I was a stock-picker for about 12 years. In the early years my habits were very effective for protecting my ego and maintaining my confidence. However, as time passed I began to slip. Reality invaded my thoughts. I was no longer blind to my real skill level. Eventually, I couldn’t pick stocks any more. I’ve turned my cautionary tale into a checklist for those who want to feel good about their stock picking.
1. Don’t calculate your returns.
In my first few years of stock picking, I never calculated my return on any stock investment. I just had the vague warm feeling that I’d made some good picks. This was helped greatly by some extremely good early luck in 1998 and 1999.
2. If you must calculate returns, do it separately for each stock.
When I first made the mistake of examining my returns, I looked at each stock separately. I also managed to not calculate the returns for picks that worked out badly. This had the advantage of allowing me to focus on my wins and not think about the losses. I felt great about my abilities.
3. If you must calculate portfolio returns, exclude anomalies.
When I started to calculate overall portfolio returns, I didn’t quite include all the stocks my wife and I picked. I tended to group only a subset of my accounts together. The fact that our worst picks were in the accounts I excluded was just a coincidence. It’s amazing how great your results look when you drop out a couple of real stinkers.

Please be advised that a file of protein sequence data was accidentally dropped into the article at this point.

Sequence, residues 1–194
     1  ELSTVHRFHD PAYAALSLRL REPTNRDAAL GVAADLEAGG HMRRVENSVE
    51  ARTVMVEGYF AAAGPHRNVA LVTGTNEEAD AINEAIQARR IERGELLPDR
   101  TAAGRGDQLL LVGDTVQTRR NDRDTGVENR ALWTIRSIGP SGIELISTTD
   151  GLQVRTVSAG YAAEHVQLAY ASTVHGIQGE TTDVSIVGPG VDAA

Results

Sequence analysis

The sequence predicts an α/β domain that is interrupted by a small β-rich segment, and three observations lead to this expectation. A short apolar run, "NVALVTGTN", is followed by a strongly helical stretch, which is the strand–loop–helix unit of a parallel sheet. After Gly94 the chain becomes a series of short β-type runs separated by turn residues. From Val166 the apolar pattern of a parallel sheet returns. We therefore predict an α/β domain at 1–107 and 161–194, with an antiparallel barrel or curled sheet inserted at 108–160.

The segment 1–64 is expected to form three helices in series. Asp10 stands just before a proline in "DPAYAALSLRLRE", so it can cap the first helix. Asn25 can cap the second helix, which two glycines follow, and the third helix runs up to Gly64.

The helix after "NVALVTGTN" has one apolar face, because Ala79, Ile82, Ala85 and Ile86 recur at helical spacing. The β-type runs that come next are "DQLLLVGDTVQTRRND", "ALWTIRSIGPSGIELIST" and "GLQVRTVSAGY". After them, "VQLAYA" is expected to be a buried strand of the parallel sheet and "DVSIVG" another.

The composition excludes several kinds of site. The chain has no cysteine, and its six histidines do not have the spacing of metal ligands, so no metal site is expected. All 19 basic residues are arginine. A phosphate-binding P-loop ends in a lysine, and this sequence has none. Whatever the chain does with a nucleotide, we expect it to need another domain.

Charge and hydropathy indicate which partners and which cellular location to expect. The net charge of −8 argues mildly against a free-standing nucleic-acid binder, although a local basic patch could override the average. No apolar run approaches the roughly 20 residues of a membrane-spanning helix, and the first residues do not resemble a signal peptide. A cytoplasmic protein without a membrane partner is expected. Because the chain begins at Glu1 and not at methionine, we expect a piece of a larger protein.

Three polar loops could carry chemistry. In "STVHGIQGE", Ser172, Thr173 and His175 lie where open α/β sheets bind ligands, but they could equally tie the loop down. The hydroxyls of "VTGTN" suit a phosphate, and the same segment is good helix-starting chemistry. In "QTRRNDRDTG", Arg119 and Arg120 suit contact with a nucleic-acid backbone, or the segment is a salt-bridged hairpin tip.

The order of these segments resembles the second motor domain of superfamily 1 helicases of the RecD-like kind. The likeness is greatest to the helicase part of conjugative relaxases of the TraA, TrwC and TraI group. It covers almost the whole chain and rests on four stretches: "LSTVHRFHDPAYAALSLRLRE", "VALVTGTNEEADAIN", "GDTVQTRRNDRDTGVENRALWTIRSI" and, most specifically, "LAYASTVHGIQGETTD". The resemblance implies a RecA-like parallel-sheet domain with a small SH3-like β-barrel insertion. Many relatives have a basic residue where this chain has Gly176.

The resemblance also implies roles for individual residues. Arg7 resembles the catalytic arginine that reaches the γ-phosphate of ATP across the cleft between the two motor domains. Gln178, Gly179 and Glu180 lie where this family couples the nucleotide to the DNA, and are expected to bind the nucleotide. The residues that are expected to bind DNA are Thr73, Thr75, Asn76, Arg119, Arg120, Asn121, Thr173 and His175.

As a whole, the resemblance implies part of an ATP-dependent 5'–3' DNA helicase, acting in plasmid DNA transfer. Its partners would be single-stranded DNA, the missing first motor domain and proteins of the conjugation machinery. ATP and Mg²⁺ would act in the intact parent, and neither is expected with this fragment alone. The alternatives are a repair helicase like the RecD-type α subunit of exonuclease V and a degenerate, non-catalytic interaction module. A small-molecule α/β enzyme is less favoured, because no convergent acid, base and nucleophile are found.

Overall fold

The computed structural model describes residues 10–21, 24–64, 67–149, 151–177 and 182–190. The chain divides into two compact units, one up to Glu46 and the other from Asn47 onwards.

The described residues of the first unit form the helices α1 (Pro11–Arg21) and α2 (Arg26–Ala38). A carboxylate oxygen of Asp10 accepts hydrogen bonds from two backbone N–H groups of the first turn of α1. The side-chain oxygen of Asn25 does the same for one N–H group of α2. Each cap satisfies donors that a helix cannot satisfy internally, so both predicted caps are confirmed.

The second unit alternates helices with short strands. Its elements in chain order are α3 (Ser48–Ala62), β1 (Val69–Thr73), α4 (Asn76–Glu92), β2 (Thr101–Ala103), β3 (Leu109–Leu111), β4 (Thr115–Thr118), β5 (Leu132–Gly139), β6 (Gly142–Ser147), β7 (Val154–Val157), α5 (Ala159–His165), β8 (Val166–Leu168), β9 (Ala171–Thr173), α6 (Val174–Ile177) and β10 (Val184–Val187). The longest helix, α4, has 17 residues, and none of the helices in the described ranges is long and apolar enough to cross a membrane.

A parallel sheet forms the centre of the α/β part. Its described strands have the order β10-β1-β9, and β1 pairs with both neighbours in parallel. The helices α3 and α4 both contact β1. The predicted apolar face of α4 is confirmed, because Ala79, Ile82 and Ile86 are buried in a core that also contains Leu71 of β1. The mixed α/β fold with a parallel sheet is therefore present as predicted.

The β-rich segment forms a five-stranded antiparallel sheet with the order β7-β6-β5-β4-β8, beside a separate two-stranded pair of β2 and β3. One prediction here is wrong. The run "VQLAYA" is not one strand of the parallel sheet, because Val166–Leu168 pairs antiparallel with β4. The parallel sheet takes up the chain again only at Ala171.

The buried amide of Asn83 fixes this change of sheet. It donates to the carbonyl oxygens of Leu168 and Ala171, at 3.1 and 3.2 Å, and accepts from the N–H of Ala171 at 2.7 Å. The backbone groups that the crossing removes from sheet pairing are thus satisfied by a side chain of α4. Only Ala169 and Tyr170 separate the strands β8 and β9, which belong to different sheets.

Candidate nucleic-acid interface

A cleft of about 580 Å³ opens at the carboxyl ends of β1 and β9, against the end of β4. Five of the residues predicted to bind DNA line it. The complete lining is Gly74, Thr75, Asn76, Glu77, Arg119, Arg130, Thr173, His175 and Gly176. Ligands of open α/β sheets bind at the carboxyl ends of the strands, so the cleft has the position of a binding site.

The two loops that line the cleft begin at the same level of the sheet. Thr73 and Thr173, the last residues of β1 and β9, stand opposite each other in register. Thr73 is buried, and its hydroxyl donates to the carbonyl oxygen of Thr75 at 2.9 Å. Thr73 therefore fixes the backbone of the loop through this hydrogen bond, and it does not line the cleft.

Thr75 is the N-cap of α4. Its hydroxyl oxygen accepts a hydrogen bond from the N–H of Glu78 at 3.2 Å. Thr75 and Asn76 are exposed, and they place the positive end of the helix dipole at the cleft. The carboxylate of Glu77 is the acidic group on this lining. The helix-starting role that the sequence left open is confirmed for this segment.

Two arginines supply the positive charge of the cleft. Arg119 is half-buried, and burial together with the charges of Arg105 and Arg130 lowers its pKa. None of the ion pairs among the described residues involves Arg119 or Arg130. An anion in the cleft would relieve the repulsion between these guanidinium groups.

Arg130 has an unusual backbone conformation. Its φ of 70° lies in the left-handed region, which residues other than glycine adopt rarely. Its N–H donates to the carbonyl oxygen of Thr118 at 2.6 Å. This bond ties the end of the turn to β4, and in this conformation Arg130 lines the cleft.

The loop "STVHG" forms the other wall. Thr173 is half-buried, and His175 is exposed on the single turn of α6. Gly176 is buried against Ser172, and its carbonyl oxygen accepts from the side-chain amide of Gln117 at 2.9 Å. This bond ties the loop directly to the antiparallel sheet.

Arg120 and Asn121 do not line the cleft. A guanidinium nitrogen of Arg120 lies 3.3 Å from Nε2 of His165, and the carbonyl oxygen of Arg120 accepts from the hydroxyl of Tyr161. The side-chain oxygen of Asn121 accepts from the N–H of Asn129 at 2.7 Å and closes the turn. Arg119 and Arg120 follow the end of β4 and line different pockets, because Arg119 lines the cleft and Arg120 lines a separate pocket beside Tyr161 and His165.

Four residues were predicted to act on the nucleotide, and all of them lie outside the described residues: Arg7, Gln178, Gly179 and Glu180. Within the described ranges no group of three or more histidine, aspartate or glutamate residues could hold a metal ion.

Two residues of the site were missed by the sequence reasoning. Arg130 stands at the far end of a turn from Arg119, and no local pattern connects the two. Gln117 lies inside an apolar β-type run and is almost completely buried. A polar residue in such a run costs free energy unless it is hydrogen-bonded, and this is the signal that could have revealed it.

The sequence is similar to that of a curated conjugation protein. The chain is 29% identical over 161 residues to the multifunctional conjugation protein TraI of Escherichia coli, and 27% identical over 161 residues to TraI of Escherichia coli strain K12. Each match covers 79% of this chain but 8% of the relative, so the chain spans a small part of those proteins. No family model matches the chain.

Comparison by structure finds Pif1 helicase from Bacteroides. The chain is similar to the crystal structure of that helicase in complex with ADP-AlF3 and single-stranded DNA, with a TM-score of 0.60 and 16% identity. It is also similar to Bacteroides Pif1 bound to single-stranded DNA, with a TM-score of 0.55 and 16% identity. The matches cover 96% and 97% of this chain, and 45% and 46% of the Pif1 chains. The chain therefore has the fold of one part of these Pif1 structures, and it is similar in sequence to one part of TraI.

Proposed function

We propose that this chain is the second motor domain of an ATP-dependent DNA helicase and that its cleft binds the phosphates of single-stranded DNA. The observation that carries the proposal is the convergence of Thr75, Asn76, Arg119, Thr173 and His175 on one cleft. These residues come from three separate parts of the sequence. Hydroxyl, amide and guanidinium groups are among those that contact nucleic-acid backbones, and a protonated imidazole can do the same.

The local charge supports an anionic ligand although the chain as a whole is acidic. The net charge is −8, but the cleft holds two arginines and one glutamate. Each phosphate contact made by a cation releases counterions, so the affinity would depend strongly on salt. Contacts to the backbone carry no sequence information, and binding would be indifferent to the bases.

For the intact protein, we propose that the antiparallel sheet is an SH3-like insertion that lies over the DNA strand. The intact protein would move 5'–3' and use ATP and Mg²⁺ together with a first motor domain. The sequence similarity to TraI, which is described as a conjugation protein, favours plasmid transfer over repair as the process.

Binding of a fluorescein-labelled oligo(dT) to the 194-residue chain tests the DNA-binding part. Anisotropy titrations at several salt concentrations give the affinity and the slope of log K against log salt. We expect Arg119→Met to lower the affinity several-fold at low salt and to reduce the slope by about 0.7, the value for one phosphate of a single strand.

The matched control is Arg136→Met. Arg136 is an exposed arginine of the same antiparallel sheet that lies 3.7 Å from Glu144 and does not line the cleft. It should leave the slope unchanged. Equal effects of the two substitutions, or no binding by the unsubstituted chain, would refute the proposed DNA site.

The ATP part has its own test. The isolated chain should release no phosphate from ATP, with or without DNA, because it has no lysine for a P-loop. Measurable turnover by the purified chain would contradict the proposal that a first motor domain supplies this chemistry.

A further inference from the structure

4. If you must calculate complete portfolio returns, shop for a good time period.
As I began using spreadsheets to calculate overall portfolio returns, it became more difficult to justify excluding a few bad results. But it was easy to choose a favourable time period. Because my initial results were so strong, I always looked at my total returns from the beginning. This way, a few recent bad results still left me with good overall returns. This method of always starting the clock before a period of strong returns is very helpful for the ego.
5. If you must calculate annual complete portfolio returns, don’t compare them to benchmarks.
As I began computing my annual portfolio returns, it became harder to ignore poor years. But I found solace in knowing that things could have been worse. There were stocks I passed on that would have made my annual return even lower. At least I was doing better than some of my friends who picked some real dogs.
6. If you must compare your annual returns to a benchmark, shop for a low benchmark.
It’s amazing how much flexibility there can be in choosing a benchmark. If you own stocks in Canada and the U.S., you can use just an index of Canadian stocks, or you can use a blend of Canadian and U.S. indexes. There are a number of U.S. stock indexes to choose from, and you can choose whether to factor in currency exchange rates or not. By choosing the method that gives the lowest benchmark return and rationalizing why this method makes sense for the current year, you can make your own results look good. The key is to choose your benchmark at the end of the year rather than in advance.
7. If you must compare your annual returns to an appropriate benchmark chosen in advance, just give up stock picking and invest in broad indexes.
When I finally removed the last remaining wiggle room from comparing my returns to a sensible benchmark, I had to face my poor investing record from the year 2000 on. I’ve been steadily shifting to investing in low-cost broad index ETFs since about 2010. The process is nearly complete today.
No doubt readers have figured out by now that I’m not serious about this advice. I don’t advocate deluding yourself into feeling good about failed attempts to beat the market through stock picking. If you’re one of the extremely rare people who actually compare your annual returns to an appropriate benchmark chosen in advance, and you show positive alpha over many years, then good for you. However, others should seriously consider giving up stock picking.